2. I followed this little soap opera of the MISSING GOLD in the local press and dismissed the “faulty accounting and loose controls” as bullcrap.  People who work at the RCM are both proud and good at what they do, in addition to the ISO designation, cause I know a couple and this story puts it right by me.  Kinda like Ochem’s Razor, the simplest explaination is the right one !!
     
    Good Job Rob Kirby, the other story is and was crap.,,,   “faulty controls” my big bad rat !!
     
    http://www.denaliguidesummit.blogspot.ca/

    • Would agree with everything except the “good at what they do” part.  Our circulating plated coinage made after 2000 is absolute crap and I have even written the mint to tell them so.  It’s not unusual to find post 2000 Canadian coinage that is actually rusting after only a few years in circulation!  Speaking with their quality control guy in Winnipeg his attitude was something like, “well they’re only designed to live a few years, so who cares?”.  Who carries rusting steel slugs in their pockets or purse?  The original RCM staff roll in their graves.

      The quality of the Canadian Maples and commemoratives are still some of the best in the world though.

    • Sorry, pet peeve regarding Occam’s Razor.

      The simplest explaination is NOT always the right one.  People need to be aware that Occam’s Razor is not that the simplest reason must be right. Occam’s Razor is essentially only a guide towards generating a baseline hypothesis and developing reasoning beyond there.

      It is often cited to claim that one particular reason is valid due to its simplicity, but unfortunately this is an easy way out to explain things…. and as a result lends oneself to the possibility of manipulation.

    • I just wanted to add about what fonestar was talking about our currency today. It is rare to find pre-1999 Canadian coins in our circulation as the Canadian Mint hoard the coins made out of nickels and copper to replace them with cheap steel coins. Even the Canadian Maple Leafs have lost their prettiness. Before, they used to be in proof condition but now, they aren’t. 

  3. What an interesting piece !
     
    I heard that the RCM had lost gold……it would seem utterly impossible for anyone to walk out with gold, or to not to totally account for the gold stored there .
     
    It seems that if they got duped, and had tungsten filled gold bars, this could explain everything !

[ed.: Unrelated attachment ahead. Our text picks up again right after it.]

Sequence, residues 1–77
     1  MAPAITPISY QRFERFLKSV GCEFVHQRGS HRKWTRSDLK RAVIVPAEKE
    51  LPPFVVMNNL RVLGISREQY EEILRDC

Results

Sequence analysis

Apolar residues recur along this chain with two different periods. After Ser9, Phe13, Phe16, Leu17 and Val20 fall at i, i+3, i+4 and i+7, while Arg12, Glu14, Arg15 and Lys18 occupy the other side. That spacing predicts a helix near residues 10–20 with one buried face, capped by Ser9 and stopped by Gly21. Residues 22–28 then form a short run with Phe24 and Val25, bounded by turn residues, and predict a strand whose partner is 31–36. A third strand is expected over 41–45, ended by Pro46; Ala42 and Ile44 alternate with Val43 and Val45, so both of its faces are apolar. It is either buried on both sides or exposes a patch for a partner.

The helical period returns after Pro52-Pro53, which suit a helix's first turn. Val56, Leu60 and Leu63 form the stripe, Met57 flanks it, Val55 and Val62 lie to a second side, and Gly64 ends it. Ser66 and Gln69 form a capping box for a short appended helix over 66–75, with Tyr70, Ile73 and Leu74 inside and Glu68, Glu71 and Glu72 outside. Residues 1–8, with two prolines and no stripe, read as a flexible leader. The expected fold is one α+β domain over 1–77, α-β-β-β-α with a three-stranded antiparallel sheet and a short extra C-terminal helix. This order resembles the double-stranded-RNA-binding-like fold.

Time to air that dirty laundry.

    I’ll be really pissed if it turns out that they had tungsten gold, and covered it up. Heads should roll at RCM!!

    Maybe, I’ll contact my MP about this. Yeah, I will.

    • Exactly! 15 millions of dollars worth of physical gold bullion can not disappear like that all in a sudden especially with the high securities at the Canadian Mint’s gold reserves. It may have also been a mistake in their services when they’ve delivered other previous gold bars.

  4. Very interesting article BUT is it true? I know in my heart Banksters can’t be trusted but is this just another Tungsten filled story to appease the masses in their quest for the PM manipulation? Good story nonetheless.

  5. Keep dreaming you guys. It was an obvious screw up but not a cover for fraudulent Tungsten. Had it been so the Mint would have leapt on that explanation to limit its own culpability in making such an egregious error. The problem lies with internal controls and that is where the buck stops.

    • Well, Ive sent my MP an email, and we will be asking if the RCM has EVER encountered a problem with tungsten in the gold.
       
      If there was, this will be a scandal of epic proportions.

    • Lol, you contacted your MP?

      You know what they’ll say?  “Yes, thank you for your concern, I will make immediate inquiries and will respond as soon as possible.  And don’t forget to vote for me in the next election.”

      1 week later you’ll get a reply “The RCM has confirmed that they have never had a problem with tungsten.  Thank you for your concern.”

  6. Eric Sprott’s PSLV is in their tungsten storage area… oh noes!  He might need to re-think his choice of a custodian.
    Find a better place- like a root cellar under his house.  heehee
     

  7. The fact that the Chinese are re-casting … every single so-called good delivery bar they receive … has sat in the top drawer of my mental cabinet since I first learned of the practice. That’s A LOT OF WORK and it’s illogical to embark on … unless … they were ripped off! I’m wondering if a truly huge ‘tungsten story’ is what Sinclair has been hinting at for months. If a major government were to break news of a significant amount of this counterfeit in circulation, with proof of the plot being hatched through collusion among the bullion banks … ALL UNHOLY HELL WOULD BE UNLEASHED throughout the currency and financial networks within moments.